No, it’s not just you. According to studies recently conducted by the University of California, Berkeley, the viewing of stereoscopic 3D displays does indeed cause visual discomfort, fatigue and headaches. The problem appears to come from the fact that the viewers’ eyes are simultaneously trying to focus on the screen, and on objects that appear to be located either in front of or behind that screen.
The studies involved 24 adult subjects, who viewed 3D content both on small, consumer electronics-style screens, and on larger, theater-style screens. With the smaller screens, which are viewed at a closer distance, content that appeared to be located in front of the screen caused the most discomfort. Interestingly, however, viewing of the larger, more distant screens was most uncomfortable when content appeared to be located behind the screen.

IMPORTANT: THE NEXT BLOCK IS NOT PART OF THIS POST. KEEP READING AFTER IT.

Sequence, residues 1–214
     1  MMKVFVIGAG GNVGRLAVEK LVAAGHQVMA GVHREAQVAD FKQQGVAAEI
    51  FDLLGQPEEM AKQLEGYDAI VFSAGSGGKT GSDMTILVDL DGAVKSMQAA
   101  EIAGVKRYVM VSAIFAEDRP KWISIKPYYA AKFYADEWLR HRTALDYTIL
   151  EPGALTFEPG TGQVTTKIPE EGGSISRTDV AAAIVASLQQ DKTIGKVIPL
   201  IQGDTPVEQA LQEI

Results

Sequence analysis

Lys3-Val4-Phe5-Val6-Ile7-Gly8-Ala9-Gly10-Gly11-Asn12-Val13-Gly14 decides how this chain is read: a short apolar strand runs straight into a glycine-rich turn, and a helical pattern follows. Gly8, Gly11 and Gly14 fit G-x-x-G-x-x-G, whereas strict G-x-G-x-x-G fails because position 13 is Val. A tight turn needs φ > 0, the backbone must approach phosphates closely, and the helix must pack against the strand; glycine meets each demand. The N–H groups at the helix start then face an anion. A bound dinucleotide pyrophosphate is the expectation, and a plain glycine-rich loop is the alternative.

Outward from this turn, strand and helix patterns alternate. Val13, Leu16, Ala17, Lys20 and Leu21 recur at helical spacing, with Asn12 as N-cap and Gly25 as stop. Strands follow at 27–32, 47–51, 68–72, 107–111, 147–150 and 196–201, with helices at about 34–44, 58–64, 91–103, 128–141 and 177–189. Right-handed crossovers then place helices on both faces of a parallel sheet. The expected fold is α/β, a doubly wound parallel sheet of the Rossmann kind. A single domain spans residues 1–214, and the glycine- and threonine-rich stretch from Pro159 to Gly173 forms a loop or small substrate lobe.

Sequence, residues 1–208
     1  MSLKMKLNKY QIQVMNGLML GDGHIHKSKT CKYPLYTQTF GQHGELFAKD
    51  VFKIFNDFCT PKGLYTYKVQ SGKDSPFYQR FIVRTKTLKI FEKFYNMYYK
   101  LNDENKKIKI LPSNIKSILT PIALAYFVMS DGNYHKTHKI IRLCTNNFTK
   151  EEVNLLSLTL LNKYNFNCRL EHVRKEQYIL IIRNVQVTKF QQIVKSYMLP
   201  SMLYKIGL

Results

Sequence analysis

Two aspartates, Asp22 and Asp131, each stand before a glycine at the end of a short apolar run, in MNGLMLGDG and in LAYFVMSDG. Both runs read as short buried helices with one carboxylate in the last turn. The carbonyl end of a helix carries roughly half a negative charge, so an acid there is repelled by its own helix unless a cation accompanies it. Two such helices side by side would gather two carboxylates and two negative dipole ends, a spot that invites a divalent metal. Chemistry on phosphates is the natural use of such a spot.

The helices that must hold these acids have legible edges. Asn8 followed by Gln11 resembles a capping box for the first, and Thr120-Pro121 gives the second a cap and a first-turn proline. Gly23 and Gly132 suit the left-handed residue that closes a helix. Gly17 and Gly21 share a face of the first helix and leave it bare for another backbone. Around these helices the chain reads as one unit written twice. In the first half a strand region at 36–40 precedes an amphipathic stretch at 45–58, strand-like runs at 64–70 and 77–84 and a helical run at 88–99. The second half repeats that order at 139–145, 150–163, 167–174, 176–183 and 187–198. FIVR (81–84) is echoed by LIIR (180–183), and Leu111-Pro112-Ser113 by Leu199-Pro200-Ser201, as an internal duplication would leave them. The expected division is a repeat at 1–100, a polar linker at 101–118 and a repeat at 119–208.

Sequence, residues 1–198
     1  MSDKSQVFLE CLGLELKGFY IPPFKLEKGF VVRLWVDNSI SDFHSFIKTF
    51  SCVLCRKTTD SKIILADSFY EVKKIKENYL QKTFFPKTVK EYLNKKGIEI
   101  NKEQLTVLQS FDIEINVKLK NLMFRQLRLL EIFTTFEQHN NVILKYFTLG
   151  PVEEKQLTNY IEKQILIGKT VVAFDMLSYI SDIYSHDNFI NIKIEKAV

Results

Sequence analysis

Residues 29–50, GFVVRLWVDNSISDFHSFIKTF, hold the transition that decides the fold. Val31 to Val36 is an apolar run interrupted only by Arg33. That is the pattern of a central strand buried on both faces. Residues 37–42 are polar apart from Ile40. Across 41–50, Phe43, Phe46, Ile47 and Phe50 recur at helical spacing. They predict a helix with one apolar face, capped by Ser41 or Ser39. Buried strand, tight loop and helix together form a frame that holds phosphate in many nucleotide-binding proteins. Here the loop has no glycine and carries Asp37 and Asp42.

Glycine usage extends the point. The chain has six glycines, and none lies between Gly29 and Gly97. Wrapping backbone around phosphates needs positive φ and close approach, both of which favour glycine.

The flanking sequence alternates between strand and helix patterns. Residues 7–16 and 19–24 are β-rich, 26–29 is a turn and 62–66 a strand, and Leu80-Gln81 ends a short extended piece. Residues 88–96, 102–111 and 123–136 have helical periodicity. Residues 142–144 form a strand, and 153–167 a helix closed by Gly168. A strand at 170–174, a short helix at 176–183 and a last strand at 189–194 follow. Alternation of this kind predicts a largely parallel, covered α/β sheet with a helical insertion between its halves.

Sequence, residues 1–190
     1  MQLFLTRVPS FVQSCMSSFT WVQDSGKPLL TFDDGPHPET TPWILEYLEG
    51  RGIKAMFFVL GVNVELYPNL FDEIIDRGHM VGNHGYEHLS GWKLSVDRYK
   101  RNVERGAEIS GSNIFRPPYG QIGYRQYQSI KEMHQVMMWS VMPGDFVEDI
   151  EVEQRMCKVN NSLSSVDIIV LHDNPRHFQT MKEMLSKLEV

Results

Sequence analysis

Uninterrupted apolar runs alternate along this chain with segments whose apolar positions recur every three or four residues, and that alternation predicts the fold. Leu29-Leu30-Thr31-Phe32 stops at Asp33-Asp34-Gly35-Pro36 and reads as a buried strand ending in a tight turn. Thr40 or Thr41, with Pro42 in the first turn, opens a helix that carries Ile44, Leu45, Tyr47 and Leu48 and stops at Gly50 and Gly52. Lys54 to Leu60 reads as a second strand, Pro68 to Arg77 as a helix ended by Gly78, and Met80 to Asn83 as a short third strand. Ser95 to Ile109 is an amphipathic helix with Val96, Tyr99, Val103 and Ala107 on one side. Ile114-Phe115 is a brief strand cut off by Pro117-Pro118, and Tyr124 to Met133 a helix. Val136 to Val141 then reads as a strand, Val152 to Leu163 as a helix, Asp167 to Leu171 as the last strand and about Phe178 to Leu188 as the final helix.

“When watching stereo 3D displays, the eyes must focus – that is, accommodate – to the distance of the screen because that’s where the light comes from,” said Martin S. Banks, professor of optometry and vision science. “At the same time, the eyes must converge to the distance of the stereo content, which may be in front of or behind the screen.”
Further studies are planned, which would include a larger number of test subjects, including children. The UC Berkeley researchers hope that their findings could be used to establish guidelines for the positioning of viewers relative to 3D displays.
“Discomfort associated with viewing Stereo 3D is a major problem that may limit the use of technology,” said Banks. “We hope that our findings will inspire more research in this area.”
The research was recently published in The Association for Research and Vision in Ophthalmology’s Journal of Vision.